By Gabrielle Herrera
Pulse Staff Reporter
Affordable healthcare, low wages and the high cost of higher education make up just a few of the issues politicians are confronting this Nov. 4 election.
Most of what is being debated will have a direct impact on today’s youth, whether in the near or distant future, but only 58.5 percent of young adults, ages 18 to 24, are considered active voters in America. In this upcoming election on Nov. 4, candidates face off in issues and voters will decide whom to support.
“Even though I’m a registered voter, I’m embarrassed to say I don’t know who is running and what problems are at stake,” said Kenny Martin, a Liberal Arts major at Palo Alto College. “I need to research this election and the candidates so I could be more involved as a voter.”
Eloisa Cordova, a certified adviser in the Office of Student Engagement & Retention, said that the youth of today perceives involvement in politics as a thing of the past.
“They don’t have a correlation to the past and see an issue’s history (referring to Civil Rights Movement). The youth right now doesn’t relate to the past where they were fighting for social justice,” said Cordova.
Gubernatorial candidates Wendy Davis and Greg Abbott recently squared-off in two debates.
Abbott defended the Texas Legislature’s $5.4 billion budget cuts in education during the 2011 Legislative Session. Abbott has a detailed agenda on making Texas number one in the nation for educating children. He plans to increase standardized tests offering incentives for good results. Abbott also plans to expand partnerships between public schools and trade schools.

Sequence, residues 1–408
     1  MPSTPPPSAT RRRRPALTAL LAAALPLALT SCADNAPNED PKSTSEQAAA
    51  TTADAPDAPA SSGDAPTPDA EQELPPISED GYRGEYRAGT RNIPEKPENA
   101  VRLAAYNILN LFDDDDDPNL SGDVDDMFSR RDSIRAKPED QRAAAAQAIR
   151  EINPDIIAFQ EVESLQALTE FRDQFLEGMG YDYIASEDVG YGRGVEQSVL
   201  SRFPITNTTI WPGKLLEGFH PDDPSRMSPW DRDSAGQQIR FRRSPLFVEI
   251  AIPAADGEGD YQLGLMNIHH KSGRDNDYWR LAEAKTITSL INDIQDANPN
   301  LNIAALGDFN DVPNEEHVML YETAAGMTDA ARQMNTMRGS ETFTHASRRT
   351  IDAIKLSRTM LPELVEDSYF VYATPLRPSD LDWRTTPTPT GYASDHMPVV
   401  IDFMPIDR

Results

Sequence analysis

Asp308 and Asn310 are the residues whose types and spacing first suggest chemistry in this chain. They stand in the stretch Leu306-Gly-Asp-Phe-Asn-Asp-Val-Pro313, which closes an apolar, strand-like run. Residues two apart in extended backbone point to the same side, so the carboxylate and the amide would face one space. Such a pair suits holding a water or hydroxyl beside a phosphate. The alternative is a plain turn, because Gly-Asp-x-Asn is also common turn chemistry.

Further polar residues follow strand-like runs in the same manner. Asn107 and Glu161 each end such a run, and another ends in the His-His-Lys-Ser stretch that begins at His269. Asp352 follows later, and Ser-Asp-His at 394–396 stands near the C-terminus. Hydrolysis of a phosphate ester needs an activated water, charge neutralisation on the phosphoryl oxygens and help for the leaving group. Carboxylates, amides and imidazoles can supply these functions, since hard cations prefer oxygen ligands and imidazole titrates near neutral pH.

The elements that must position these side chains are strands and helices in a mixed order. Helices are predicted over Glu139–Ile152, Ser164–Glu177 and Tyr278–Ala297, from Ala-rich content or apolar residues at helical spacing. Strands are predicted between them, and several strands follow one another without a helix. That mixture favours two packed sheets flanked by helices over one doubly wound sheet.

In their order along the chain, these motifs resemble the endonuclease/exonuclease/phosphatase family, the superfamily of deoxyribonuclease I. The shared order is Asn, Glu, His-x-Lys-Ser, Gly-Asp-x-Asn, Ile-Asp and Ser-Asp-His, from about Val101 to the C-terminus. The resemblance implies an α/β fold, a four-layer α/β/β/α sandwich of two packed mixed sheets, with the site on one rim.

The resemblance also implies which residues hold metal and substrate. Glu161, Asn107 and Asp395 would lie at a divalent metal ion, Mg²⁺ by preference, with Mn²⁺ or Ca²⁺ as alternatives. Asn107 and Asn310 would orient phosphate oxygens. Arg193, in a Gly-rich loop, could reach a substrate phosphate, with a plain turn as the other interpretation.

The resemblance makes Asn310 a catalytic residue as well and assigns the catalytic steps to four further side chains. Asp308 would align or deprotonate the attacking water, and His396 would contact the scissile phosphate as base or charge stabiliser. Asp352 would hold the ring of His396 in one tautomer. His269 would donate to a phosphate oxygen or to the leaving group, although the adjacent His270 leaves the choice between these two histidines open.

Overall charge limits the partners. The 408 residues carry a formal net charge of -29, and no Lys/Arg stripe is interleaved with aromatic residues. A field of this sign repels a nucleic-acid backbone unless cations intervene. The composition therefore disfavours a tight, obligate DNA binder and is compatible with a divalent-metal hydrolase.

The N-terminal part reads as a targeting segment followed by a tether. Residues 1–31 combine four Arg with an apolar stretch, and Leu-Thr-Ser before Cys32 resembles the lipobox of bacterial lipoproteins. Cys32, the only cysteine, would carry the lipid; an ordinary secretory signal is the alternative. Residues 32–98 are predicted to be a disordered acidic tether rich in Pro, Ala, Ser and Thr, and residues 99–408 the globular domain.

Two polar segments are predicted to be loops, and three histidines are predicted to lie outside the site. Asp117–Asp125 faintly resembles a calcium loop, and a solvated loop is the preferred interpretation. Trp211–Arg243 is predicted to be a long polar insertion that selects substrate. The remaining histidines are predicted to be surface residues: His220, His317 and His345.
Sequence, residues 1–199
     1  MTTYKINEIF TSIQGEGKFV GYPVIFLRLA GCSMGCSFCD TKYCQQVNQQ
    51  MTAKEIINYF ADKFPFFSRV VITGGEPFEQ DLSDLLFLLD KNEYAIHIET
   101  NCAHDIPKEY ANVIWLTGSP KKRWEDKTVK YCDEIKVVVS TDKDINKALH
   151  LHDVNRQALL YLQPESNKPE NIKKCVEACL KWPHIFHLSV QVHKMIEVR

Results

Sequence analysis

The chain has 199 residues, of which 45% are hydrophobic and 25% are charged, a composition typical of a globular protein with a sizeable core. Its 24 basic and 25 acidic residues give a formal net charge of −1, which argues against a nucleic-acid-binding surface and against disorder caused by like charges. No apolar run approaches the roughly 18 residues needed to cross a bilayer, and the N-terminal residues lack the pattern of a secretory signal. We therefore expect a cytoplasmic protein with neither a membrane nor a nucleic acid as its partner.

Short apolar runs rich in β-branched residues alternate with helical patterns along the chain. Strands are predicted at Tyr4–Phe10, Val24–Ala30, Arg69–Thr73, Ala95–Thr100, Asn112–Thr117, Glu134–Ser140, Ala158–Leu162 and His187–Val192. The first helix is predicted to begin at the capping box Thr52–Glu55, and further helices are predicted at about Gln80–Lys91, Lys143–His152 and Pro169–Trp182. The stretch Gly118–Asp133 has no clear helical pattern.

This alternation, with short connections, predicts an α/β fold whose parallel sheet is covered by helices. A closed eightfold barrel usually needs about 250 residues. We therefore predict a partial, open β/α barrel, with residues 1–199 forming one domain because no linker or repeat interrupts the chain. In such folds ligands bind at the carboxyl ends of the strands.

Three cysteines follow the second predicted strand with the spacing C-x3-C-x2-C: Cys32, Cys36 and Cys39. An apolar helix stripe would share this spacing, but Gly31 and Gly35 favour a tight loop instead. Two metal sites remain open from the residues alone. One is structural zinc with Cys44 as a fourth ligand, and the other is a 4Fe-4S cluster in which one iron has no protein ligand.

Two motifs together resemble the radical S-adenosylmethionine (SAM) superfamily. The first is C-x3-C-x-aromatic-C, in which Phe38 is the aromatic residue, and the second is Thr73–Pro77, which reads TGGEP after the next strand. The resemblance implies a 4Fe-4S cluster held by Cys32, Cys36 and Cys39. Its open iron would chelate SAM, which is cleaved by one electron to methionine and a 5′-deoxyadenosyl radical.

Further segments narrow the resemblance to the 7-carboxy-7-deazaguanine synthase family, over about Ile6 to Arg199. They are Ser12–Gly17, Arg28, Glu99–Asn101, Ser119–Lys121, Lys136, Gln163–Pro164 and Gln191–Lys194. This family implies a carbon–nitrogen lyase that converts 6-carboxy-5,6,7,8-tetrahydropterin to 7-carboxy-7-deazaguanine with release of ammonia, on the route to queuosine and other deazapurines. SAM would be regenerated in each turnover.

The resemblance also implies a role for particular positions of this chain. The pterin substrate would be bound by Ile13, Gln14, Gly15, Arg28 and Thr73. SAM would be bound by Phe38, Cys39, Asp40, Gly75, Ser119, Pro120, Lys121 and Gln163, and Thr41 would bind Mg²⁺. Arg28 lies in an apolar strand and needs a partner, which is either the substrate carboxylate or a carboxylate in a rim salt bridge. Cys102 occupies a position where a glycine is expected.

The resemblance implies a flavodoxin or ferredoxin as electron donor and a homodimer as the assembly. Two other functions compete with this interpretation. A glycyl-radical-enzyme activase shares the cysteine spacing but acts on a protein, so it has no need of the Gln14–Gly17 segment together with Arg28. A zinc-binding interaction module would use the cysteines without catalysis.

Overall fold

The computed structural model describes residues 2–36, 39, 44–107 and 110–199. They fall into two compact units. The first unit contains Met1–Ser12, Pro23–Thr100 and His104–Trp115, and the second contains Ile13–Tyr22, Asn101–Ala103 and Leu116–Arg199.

Davis filibustered the 2011 budget bill and followed it by sponsoring legislation to restore $3.4 billion to the state budget for Texas education. She supports universal pre-K as well as reducing the number of standardized tests. Her plan for college students is mainly to make a higher education more affordable while giving equal opportunity to all students of Texas.
Other candidates and positions besides governor are up for election. Who will represent you as a citizen of Bexar County? Of San Antoni0? Of the South Side?
Educating yourself about your representatives is nothing more than a simple Google search away. Votesmart.org can help you get the facts about who represents you.
On Sept. 23, 2014, PAC held a “Rock the Vote” event, where voter registration took place.
“MOVE stands for mobilize, organize, vote, and empower. We aim to engage young adults in their local political process by increasing awareness for the issues and motivating them to go out to the polls and vote,” said Ariel Ivette Sepulveda, organizing director of MOVE San Antonio, the event sponsor. “We know that the South Side of San Antonio typically votes drastically lower than their neighbors. However, with an early polling site coming to Palo Alto’s campus this year between October 20 and October 31, we are expecting to see an increase in voter turnout.”
As Nov. 4 approaches, learn about candidates and what they stand for, become involved in the political process and most importantly, get out and vote! Lack of knowledge in politics only results in being misrepresented. The early polling site at Palo Alto College will take place in the Ozuna lobby. All that is needed is a photo I.D. and your voter registration card.